Amidst the public outcry over the Federal Communication Commission’s recent decision to repeal net neutrality laws, another problematic, yet lower profile decision has gone largely under the radar. Last month, in another 3 to 2 vote, also along party lines, the commission ruled to reduce subsidies for broadband internet subscriptions for low-income Americans. Jonathan Sieber reported on the ruling in TechCrunch.

The 2.25 billion-dollar program, called Lifeline, offers a $9.25 cent subsidy each month for low-income families to help them afford broadband internet. According to the Brookings institute, it is the only government program geared towards making phone and internet access more accessible for American families in poverty.

Internet access is now more essential than ever for low-income families to work their way out of poverty. Such basic building blocks as employment and education increasingly rely on internet access and an aptitude with basic digital skills. The move comes hand in hand with a GOP tax plan that disproportionately favors the wealthiest Americans, repeated attempts to roll back health care assistance, and various other threats to dismantle the social safety net.

Despite some incremental improvement in the last few years, poverty and income inequality is rampant in America. The mean household income of the 20 percent of the wealthiest Americans increased $13,749 in the last decade, while the income of the bottom 20 percent decreased by $571 in the same years. The upper 20 percent earn 51.5 percent of all income earned last year, while the bottom 20 percent earned only 3.5 percent.

Now is not the time to interfere with a program that helps improve access to an essential stepping stone to finding a job, building a resume, and learning the skills that many modern employers consider essential.

While stopping short of eliminating the program entirely, the FCC decision is likely to weaken the Lifeline in several ways.

First, it will prevent resellers, which provide internet without running their own infrastructure, from offering the benefits of the Lifeline program. These companies most often offer services in areas where bigger network providers do not operate, meaning this provision will affect people receiving Lifeline on tribal lands, who receive extra subsidies for broadband internet. The new changes would also eliminate that additional 25 per month for those who reside on tribal lands.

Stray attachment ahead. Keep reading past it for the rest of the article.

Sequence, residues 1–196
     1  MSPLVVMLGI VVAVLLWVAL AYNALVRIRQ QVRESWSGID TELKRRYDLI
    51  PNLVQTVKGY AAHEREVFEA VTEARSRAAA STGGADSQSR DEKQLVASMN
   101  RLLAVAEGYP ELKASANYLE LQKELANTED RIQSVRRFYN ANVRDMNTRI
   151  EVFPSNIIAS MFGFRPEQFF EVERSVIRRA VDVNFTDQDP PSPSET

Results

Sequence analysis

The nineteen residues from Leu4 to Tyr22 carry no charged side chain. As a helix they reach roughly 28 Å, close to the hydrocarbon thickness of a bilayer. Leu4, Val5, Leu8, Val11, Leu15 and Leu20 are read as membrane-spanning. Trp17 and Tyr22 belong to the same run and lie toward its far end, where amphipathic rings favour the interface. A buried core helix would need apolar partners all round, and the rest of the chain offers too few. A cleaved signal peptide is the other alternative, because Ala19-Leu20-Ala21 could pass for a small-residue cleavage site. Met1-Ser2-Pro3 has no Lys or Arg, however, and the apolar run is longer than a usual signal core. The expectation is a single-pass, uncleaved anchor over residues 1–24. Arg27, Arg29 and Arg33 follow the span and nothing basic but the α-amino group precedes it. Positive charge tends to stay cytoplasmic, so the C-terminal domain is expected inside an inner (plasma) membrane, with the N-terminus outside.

Secondly, the new ruling could put in place a national spending cap for the program, and lastly, revoke national approvals for Lifeline providers that have already qualified. The suggested spending cap, according to Democrat commissioner Mignon Clyburn, is 820 million dollars, just over half the current budget.

On top of all this, the FCC is weighing the idea of handing the power back to states to approve companies for the program. When Lifeline was modified to include broadband internet two years ago, the FCC took on that responsibility to encourage expansion of the program, preventing states from delaying or rejecting companies. The commission may soon reverse that policy.

Ostensibly, the move comes in response to an investigation that found that over 1 million dollars of the 2.5 billion budget was going to fake identities and deceased individuals. In an effort to eliminate waste, the commission now risks preventing the program from what it was meant to accomplish in the first place. According to chairman Ajit Pai, the changes will reduce “waste, fraud, and abuse that continue to plague the Lifeline program.”

However, according to a statement from commissioner Clyburn, “Over 70% of wireless Lifeline consumers will be told they cannot use their preferred carrier and preferred plan, and on top of that, they may not have a carrier to turn to after that happens.”

Massachusets Senator Ed Markey said Lifeline is “the Medicaid of the telecommunications universe” and that the move “could exacerbate the digital divide and deprive disadvantaged communities the opportunity to access key educational, employment, and emergency services.”

A joint letter to the commission, sent by 56 House Democrats, denounced the FCC decision. One of the leaders of that effort, New York Democrat Gregory Meeks, speaking to The Hill, said:

“It is very much in line with their thinking that you need to pull yourself up by some kind of bootstraps when you’re poor, and not have the [government] help you no matter how poor you are. This fits into the narrative where we vilify the poor.”

The program originally goes back to the Reagan era, when it was established to provide phone services to poor Americans in the 80s. The Obama administration expanded the program to include broadband services just two years ago, in response to the increasing importance of the internet in American society. This is no less important now than it was two years ago. Surely, there are ways of reducing waste that would allow the program to continue fulfilling its mandate. It is important to stop this money from going to fake identities, if that’s the FCC’s real objective. But the current plan seems geared toward broadly downsizing the program, in line with the Republican agenda of eliminating the social safety net.

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